SAN FRANCISCO INTERNATIONAL AIRPORT -- Though Emirates has been flying between San Francisco and Dubai since 2008, on Monday the airline switched its daily service from the Boeing 777 to the largest passenger aircraft in flight, the Airbus A380. The addition of more than 100 seats on the route reflects the powerful airline's confidence that it can fill them. In addition to being a growing tourist and business destination in its own right, Dubai also is a major transfer point for connecting flights to Africa, India and South Asia.
Emirates is the third airline to fly the A380 regularly to SFO. Lufthansa has year-round service to Frankfurt and Air France operates the A380 to Paris during the summer travel season.
Shortly after it arrives from its 15-hour flight from Dubai, the A380 rests at Gate A9 at the International Terminal. This aircraft is one of 51 A380s in the Emirates fleet. Each one costs more than $300 million (£192 million, AU$354 million).
Hours before boarding, the check-in area is empty. Banners throughout the terminal highlighted the new aircraft. San Francisco is the fourth Emirates A380 destination in the United States and the 32nd such destination worldwide.
Three jet bridges service the A380. Two, including the one seen here, access the bottom deck, while the third connects straight to the upper deck. After walking inside this door, the cockpit is accessible via short stairway to the left. Unfortunately, I wasn't allowed inside as the flight crew was preparing for departure. It takes just two people to fly the gigantic airliner, though a relief crew travels on ultralong flights.
The economy class section takes up the entire lower deck. The 399 seats are arranged in a 10-abreast configuration, which is the same as a typical 747.
The high ceiling, wide cabin and muted colors help alleviate the usual crowded feel of cattle class. Each seat has electrical outlets and a 12.1-inch personal video screen for on-demand entertainment programming, video games and music. Inflight Wi-Fi and SMS texting are available in all classes.
From this window seat, the enormous wing appears to stretch on forever.
I don't envy anyone taking a young child on a 15-hour flight back to Dubai, but perhaps these kiddie amenity kits will keep them entertained.
Economy lavatories are plain and functional, though the faux wood trim livens things up a bit.
Of course, this being Emirates, there's no shortage of gold trim.
The rear staircase leads up to business and first class on the upper deck. Its curved shape is reminiscent of the iconic spiral staircase on the first 747s.
You need a galley this big to prepare several multicourse meals for 76 business-class passengers.
At the rear of the upper deck is the posh lounge. Available to both business- and first-class passengers, it's well-stocked with drinks and snacks for the entire flight.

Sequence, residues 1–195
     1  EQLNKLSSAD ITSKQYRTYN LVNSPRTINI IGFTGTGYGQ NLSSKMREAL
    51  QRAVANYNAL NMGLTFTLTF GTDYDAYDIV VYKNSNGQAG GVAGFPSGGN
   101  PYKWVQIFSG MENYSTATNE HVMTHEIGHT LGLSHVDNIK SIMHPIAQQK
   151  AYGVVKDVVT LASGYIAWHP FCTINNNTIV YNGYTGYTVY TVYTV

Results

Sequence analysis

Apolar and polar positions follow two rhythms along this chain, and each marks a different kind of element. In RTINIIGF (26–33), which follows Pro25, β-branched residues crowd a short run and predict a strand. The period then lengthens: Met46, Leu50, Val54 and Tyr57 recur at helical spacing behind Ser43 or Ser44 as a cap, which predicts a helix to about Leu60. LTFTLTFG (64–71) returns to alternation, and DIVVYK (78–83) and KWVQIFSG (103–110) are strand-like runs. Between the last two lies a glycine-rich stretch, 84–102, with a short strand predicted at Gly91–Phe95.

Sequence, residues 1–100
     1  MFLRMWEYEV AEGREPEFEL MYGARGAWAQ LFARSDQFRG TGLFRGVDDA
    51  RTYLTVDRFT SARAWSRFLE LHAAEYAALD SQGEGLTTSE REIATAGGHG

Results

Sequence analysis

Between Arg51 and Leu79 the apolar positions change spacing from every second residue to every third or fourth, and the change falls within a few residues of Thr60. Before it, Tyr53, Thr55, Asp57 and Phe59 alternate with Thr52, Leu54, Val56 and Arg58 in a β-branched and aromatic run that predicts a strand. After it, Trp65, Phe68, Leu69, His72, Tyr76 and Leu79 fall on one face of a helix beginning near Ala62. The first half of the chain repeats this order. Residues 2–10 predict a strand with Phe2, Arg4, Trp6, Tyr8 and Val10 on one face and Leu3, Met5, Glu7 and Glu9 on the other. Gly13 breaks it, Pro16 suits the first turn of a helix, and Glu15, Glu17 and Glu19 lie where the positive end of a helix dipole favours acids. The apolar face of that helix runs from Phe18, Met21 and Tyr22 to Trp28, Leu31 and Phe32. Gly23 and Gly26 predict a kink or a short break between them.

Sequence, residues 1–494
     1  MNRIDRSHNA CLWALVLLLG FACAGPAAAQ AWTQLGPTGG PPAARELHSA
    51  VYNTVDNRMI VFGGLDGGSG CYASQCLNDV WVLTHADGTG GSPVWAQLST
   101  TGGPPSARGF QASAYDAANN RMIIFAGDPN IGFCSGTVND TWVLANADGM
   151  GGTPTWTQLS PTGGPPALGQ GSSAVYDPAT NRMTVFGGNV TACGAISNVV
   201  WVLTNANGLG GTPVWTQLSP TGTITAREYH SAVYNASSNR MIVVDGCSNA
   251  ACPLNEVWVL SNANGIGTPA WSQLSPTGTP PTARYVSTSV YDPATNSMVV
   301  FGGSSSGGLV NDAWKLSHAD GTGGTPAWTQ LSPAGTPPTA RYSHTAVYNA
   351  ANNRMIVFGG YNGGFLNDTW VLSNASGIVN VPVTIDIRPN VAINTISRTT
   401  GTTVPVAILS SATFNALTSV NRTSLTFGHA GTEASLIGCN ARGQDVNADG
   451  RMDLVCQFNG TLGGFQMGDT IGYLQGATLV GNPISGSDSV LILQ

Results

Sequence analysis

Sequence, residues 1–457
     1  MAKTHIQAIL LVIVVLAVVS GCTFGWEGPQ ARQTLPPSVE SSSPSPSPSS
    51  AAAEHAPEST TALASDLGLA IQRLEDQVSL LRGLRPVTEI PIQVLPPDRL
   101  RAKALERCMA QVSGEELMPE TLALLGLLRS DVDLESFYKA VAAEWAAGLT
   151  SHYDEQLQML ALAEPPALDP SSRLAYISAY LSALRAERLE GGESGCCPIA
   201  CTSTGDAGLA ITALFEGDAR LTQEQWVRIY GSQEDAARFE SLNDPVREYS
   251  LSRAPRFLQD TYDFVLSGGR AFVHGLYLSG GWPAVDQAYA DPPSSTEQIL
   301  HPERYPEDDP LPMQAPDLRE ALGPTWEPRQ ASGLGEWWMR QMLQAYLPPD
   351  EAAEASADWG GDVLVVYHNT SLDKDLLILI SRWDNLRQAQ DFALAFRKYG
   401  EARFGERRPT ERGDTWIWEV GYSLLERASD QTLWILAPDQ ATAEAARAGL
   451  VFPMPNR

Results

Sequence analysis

A large screen next to the bar shows an inflight map above a shelf with even more snacks.
French macaroons and fresh fruit are among the delicacies.
You can relax and network on benches on either side of the bar. Fresh flowers are positioned through the premium classes.
The large business class occupies the rear cabin of the upper deck. Each seat comes with a 20-inch display and plenty of storage. Wavelike patterns adorn the seat backs and bulkheads.
Business-class seats come with a tiny minibar, an amenity kit and outlets for almost every type of plug.
Personally, I'd say the best channel is the one that lets you watch the tail-mounted camera from take-off to landing.
Business class is arranged in a four-abreast configuration. If you're traveling with someone, you can drop the divider between the center seats.
You can adjust the seat to lie flat when you're sleepy and no one behind you will complain.
Of course, the ultimate in luxury and bling is the private suites in first class. Each suite has a sliding door for privacy, a lie-flat bed, a personal minibar and plentiful snacks, a vanity table and mirror, a wardrobe and a 27-inch video screen.
With this selection, you don't even need to call the flight attendant.
You use the tablet to control content on your personal video screen. I would have tested it, but it's locked down when the aircraft is on the ground.
Extravagant multicourse meals are the norm on the top deck.
Emirates is the only airline to offer a shower in the sky. The two shower suites are at the front of the first-class cabin.
The two shower suites at the front end of the upper deck are bigger than the bathroom in my first San Francisco apartment. Inside you'll find a heated floor, an large sink, a counter for your personal effects and lotions and bath gels for days.
The shower itself is larger than I thought even if I wasn't able to look inside. You get 5 minutes of water time, but you can pause the flow while you lather up. You book shower appointments in 25-minute blocks at the start of the flight, which gives the cabin crew time to clean the shower for the next passenger. It's a bit much, yes, but I'd still love to try it.
Once you're finished with your shower, you can pour yourself a cup of tea from the tranquil bar just outside.
The front staircase is wide enough for two people to pass. It's areas like this where you notice the A380's immense size, even compared to the 747. It does feel like a flying cruise ship.
Staffing the A380 takes 27 cabin crew members. The distinctive uniforms are an Emirates highlight.
As the tour ends and passengers prepare to board, the flight crew finishes their safety checks for departure. Next stop: Dubai.